Review | London International Animation Festival

This review was originally written for Animations Online

Like puppetry, animation is slowly being taken more seriously as an adult art form that allows filmmakers to tackle subjects in ways live action never could. Animation isn’t a genre, but there are many genres of animation – from abstract art pieces through to factual documentary. All genres are represented at the London International Animation Festival (LIAF), and all methods too – the latest computer animation shares a screen with hand drawn, stop motion and paint on glass.

For anyone interested in this type of filmmaking, the chance to watch endless shorts in the comfort of the smart if not cosy surrounds of the Barbican’s new cinemas is a joy. The various programmes on offer at LIAF are always mixed bags – with some surprisingly amateurish pieces included – but there is invariably at least one film that makes your trip more than worthwhile.

At International Programme 2, five of the eleven films especially stood out. ‘Body Memory’ (Estonia 2011, Dir Ulo Pikkov) was as bizarre as it was brilliant. Tiny women made from balls of string gradually and violently unravel as they are transported somewhere in a closed wood crate. The story was open to interpretation, but this was dark stop motion animation at its most convincing and complex.

‘Wild Life’ (Canada 2011, Dirs Wendy Tilby and Amanda Forbis) was a lovely looking painted piece of storytelling, with a hard edge. ‘Villa Antroproff’ (Estonia/Latvia 2012 Dirs Vladimir Leschiov and Kaspar Jancis) told a funny yet ultimately depressing story of Western greed and African aspiration without the need for a script. ‘Fata Morgana’ (Holland 2011, Dir Frodo Kuipers) was punchy and funny, with Ralph Steadman-esque illustration. ‘Independent Mind’ (Portugal 2011, Dir Marta Monteiro) had a wonderfully hand drawn, doodle-like feel.

The Animated Documentaries session on Sunday was popular and the Q&A that followed interesting. The panel explored why animation is well placed to tell certain stories but also the dangers and responsibilities of representing rather than reinventing facts. ‘End the Death Penalty’ (UK 2012, Dir Jonathan Hodgson) was an Amnesty International commission about Iran and an example of a difficult subject that only animation could tackle. Animation can preserve people’s anonymity, show scenes live action never could and also simplify complex issues.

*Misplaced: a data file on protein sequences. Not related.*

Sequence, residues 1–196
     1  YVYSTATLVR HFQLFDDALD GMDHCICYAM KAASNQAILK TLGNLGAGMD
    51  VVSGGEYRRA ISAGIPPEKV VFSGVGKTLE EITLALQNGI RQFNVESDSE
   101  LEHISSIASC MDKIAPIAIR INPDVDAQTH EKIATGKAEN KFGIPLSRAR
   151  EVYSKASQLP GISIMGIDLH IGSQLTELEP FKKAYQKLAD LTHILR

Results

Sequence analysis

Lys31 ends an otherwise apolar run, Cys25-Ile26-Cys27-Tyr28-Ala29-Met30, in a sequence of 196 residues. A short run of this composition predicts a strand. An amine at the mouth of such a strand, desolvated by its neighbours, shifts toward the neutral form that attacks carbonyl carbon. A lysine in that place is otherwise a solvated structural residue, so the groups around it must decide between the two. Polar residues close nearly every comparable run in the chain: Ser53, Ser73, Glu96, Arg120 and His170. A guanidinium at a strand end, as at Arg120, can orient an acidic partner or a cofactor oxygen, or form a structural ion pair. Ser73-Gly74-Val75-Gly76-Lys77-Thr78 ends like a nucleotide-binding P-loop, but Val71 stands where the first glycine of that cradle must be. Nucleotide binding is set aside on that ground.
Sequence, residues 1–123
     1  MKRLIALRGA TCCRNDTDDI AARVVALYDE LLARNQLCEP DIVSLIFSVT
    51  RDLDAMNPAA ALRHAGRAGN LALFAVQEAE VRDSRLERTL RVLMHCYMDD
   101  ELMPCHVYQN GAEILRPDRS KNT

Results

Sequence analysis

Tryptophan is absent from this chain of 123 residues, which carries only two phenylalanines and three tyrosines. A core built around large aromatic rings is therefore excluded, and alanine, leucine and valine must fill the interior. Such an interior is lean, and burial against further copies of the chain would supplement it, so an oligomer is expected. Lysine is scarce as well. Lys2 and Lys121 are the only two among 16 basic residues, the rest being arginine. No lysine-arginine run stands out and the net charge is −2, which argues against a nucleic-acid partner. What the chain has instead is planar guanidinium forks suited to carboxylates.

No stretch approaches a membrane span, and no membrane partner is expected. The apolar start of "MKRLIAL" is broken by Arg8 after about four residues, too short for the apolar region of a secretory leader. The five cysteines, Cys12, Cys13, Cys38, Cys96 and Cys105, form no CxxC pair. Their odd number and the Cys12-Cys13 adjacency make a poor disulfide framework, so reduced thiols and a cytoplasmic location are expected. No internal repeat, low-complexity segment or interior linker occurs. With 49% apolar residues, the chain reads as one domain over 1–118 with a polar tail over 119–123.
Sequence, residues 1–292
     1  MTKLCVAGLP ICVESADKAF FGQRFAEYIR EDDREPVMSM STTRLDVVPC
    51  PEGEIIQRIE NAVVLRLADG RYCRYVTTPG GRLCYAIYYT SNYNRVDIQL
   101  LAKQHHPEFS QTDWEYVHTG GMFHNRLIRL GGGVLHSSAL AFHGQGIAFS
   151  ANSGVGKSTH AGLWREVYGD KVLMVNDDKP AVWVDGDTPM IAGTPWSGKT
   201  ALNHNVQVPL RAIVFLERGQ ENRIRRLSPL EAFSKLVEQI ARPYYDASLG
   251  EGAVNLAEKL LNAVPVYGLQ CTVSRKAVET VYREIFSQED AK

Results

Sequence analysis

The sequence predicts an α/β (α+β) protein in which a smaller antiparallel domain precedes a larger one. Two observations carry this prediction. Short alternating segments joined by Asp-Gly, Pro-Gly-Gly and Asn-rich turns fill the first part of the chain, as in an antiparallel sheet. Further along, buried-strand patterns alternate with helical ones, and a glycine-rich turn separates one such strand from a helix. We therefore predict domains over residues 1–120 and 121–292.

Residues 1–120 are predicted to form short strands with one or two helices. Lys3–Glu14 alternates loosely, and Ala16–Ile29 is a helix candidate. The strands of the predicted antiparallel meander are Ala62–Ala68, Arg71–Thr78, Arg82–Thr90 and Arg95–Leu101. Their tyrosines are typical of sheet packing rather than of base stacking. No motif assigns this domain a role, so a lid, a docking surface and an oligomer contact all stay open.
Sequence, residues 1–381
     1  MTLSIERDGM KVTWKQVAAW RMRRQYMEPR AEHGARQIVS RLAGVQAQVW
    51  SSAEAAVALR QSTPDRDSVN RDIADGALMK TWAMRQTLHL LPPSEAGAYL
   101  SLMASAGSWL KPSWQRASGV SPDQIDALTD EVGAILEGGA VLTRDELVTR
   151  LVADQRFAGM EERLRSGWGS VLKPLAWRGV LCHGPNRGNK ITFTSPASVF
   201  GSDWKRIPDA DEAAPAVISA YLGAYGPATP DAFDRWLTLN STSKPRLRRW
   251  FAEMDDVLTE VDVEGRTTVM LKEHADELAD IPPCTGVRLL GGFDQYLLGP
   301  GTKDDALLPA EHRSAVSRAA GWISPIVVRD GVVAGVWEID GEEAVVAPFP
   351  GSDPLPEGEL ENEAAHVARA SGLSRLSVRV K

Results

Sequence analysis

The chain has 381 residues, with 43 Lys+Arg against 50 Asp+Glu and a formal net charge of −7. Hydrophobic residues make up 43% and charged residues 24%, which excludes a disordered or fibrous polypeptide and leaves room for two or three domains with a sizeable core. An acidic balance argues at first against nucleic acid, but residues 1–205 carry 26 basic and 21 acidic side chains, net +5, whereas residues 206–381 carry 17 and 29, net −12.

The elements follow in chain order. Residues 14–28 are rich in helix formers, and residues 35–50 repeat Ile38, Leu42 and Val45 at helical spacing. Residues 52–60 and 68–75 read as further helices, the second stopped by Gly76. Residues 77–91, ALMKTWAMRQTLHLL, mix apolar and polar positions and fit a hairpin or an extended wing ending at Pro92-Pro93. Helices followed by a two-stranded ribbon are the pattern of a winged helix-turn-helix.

A series of micro interviews with an older Cockney wide boy ‘Bob on…’ (UK 2012, Darren Walsh) was hilarious as well as insightful, and showed a live action body and background combined with an oversized animated head. ‘Father’ (Croatia/Bulgaria/Germany 2012, Dirs various) was an epic exploration of five interviewees’ negative paternal relationships. It cleverly weaved together five very distinct animation styles to create something cohesive, beautiful and unnerving.

The Abstract Showcase was less engaging, but two films stood out. ‘20 Hz’ (UK 2011, Dirs Ruth Jarman and Joe Gerhardt) was a visually and aurally stunning animation created from data collected during a storm by the CARISSMA radio array telescope; and ‘One Second Per Day’ (France 2011, Dir Richard Negre) was the imaginative result of a project where the animator drew one second of film per day for a year.

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